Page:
David Macaray, an LA playwright and author (“It’s Never Been Easy:  Essays on Modern Labor,” 2nd edition), is a former union rep.  He can be reached at dmacaray@earthlink.net

 

More articles by:

David Macaray is a playwright and author. His newest book is How To Win Friends and Avoid Sacred Cows.  He can be reached at dmacaray@gmail.com

CounterPunch Magazine

minimag-edit

bernie-the-sandernistas-cover-344x550

zen economics

Weekend Edition
July 21, 2017
Friday - Sunday
Kevin Zeese
Green Party Growing Pains; Our Own Crisis of Democracy
Jeffrey St. Clair
Red State, Blue State; Green State, Deep State
Paul Street
“Inclusive Capitalism,” Nancy Pelosi, and the Dying Planet
Anthony DiMaggio
Higher Education Fallacies: What’s Behind Rising Conservative Distrust of Learning?
Andrew Levine
Why Republicans Won’t Dump Trump Anytime Soon
Michael Colby
Ben & Jerry’s Has No Clothes
Bruce Dixon
White Liberal Guilt, Black Opportunism and the Green Party
Edward Hunt
Killing Civilians in Iraq and Syria
Matthew Kovac
Is the Flint Water Crisis a Crime Against Humanity?
Mark Harris
The Revolutionary Imagination: Rosa for Our Times
David Rosen
America’s Five Sex Panics
Robert Fisk
Saudi Arabia: the Kingdom Whose Name We Dare Not Speak At All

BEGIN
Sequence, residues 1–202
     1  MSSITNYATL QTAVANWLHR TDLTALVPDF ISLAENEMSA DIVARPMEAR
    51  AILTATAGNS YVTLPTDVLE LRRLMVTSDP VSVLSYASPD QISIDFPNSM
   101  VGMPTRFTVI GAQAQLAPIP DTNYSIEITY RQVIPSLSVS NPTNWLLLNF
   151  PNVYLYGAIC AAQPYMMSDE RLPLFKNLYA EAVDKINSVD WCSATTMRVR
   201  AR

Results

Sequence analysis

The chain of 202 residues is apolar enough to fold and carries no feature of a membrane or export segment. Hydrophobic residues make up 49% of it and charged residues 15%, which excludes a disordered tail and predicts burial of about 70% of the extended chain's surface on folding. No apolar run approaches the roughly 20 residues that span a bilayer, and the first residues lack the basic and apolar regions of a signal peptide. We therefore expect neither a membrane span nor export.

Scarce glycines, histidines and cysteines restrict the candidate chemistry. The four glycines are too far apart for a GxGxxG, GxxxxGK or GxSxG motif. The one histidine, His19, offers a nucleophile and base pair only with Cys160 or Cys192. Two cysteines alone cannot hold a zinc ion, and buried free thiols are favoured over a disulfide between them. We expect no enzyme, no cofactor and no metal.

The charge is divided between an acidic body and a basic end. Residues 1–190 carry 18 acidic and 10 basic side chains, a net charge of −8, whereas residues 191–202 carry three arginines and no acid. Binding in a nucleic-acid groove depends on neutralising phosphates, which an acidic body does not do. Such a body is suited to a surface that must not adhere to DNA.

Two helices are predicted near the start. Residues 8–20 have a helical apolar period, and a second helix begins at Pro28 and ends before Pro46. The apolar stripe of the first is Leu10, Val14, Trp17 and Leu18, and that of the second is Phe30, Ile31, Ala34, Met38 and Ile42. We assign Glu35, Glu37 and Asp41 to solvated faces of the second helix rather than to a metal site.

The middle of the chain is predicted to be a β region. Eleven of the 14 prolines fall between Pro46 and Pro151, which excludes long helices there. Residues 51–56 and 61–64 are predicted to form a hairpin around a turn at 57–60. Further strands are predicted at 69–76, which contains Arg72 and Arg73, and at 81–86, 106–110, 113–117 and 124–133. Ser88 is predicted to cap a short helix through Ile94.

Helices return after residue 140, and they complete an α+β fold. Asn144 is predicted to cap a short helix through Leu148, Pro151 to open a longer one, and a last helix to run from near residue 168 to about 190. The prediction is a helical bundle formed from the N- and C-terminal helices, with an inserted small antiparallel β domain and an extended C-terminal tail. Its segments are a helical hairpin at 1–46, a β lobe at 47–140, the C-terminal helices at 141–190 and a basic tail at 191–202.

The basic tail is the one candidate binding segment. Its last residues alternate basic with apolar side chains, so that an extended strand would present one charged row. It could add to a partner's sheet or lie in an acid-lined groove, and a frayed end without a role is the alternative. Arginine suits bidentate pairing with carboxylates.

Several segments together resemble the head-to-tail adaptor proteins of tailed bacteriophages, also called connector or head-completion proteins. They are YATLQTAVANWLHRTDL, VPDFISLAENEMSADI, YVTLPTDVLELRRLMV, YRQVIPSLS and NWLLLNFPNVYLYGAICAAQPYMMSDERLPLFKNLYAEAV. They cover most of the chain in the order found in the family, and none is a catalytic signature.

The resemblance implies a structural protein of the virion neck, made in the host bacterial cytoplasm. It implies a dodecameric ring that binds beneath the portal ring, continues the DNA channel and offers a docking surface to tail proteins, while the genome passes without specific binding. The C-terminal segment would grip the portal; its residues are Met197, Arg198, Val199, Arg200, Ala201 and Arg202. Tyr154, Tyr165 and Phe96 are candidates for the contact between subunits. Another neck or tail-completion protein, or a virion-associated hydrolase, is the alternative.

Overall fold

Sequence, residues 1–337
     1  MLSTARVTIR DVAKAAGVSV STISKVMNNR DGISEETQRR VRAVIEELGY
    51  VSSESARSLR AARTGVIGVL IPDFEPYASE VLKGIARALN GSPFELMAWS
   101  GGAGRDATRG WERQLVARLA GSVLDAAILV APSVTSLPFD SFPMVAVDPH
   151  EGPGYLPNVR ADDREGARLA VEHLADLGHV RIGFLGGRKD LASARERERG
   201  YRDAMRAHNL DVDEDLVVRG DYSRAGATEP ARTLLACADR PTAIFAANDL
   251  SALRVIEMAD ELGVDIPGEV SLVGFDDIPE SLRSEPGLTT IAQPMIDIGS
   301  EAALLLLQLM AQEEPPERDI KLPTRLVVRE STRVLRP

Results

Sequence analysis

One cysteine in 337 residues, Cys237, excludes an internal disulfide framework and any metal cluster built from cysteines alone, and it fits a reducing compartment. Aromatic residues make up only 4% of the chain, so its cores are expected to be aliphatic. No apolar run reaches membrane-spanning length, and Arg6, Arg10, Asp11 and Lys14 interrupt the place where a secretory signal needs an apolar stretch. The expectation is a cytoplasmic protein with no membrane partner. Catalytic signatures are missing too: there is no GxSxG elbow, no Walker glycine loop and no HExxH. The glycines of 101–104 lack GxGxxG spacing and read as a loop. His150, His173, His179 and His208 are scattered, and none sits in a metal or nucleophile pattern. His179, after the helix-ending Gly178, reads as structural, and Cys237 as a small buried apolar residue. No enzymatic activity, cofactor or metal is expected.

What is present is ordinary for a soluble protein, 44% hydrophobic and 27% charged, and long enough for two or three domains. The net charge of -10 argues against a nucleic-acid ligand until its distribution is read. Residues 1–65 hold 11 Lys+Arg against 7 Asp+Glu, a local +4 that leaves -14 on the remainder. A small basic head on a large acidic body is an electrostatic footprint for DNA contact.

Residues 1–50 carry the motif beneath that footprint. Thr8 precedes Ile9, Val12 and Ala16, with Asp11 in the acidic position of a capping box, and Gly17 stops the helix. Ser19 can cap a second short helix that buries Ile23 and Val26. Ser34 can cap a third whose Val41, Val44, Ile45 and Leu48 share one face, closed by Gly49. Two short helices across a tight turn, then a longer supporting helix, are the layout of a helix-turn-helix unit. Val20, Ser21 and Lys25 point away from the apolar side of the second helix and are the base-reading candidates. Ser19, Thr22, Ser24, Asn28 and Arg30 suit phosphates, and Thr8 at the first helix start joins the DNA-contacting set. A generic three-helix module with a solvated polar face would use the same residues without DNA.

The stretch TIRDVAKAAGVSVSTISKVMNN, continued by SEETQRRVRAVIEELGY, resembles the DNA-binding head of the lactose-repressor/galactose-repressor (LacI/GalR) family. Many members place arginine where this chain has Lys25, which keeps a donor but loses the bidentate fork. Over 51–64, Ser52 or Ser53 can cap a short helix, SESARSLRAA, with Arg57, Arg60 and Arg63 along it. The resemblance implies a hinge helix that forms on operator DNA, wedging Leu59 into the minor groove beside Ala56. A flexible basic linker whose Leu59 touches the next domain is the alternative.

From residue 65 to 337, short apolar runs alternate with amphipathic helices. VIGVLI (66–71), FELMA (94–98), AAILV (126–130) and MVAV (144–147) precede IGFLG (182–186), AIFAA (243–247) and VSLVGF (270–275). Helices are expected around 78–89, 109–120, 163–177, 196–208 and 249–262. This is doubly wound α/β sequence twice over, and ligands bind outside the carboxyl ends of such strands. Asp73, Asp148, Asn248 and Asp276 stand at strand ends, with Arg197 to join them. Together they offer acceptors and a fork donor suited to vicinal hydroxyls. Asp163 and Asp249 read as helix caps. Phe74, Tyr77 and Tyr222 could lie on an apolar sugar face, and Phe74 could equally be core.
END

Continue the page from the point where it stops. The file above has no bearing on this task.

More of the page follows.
Jack Heyman
Class War on the Waterfront: Longshore Workers Under Attack
Kim C. Domenico
Marginalize This:  Turning the Tables on Neoliberal Triumphalism
Brian Cloughley
Trying to Negotiate With the United States
John Laforge
Activists Challenge US Nukes in Germany; Occupy Bunker Deep Inside Nuclear Weapons Base
Jonathan Latham
The Biotech Industry is Taking Over the Regulation of GMOs From the Inside
Russell Mokhiber
DC Disciplinary Counsel Hamilton Fox Won’t Let Whistleblower Lawyer Lynne Bernabei Go
Ramzy Baroud
The Story Behind the Jerusalem Attack: How Trump and Netanyahu Pushed Palestinians to A Corner
Farzana Versey
The Murder of Muslims
Kathy Kelly
At Every Door
David W. Pear
Venezuela Under Siege by U.S. Empire
Maria Paez Victor
Venezuelan Opposition Now Opposes the People
Uri Avnery
Soros’ Sorrows
Joseph Natoli
The Mythos Meme of Choice
Clark T. Scott
High Confidence and Low Methods
Missy Comley Beattie
Glioblastoma As Metaphor
Ann Garrison
Organizing Pennsylvania’s 197: Cheri Honkala on Frontline Communities
Ted Rall
What Happened When I Represented Myself as My Own Lawyer
Colin Todhunter
Codex Alimentarius and Monsanto’s Toxic Relations
Graham Peebles
Europe’s Shameful Refugee Policy
Louis Proyect
Reversals of Imperial Fortune: From the Comanche to Vietnam
Stephen Cooper
Gov. Kasich: “Amazing Grace” Starts With You! 
Jeffrey Wilson
Demolish! The Story of One Detroit Resident’s Home
REZA FIYOUZAT
Billionaire In Panic Over Dems’ Self-Destruct
David Penner
The Barbarism of Privatized Health Care
Yves Engler
Canada in Zambia
Ludwig Watzal
What Israel is Really All About
Randy Shields
Matters of National Insecurity
Vacy Vlanza
The Ministry of Utmost Happiness: Through Eyes of an Activist for Palestine
Cesar Chelala
Dr. Schweitzer’s Lost Message
Masturah Alatas
Becoming Italian
Martin Billheimer
Lessons Paid in Full
Charles R. Larson
Review: James Q. Whitman’s “Hitler’s American Model”
David Yearsley
The Brilliance of Velasquez
FacebookTwitterGoogle+RedditEmail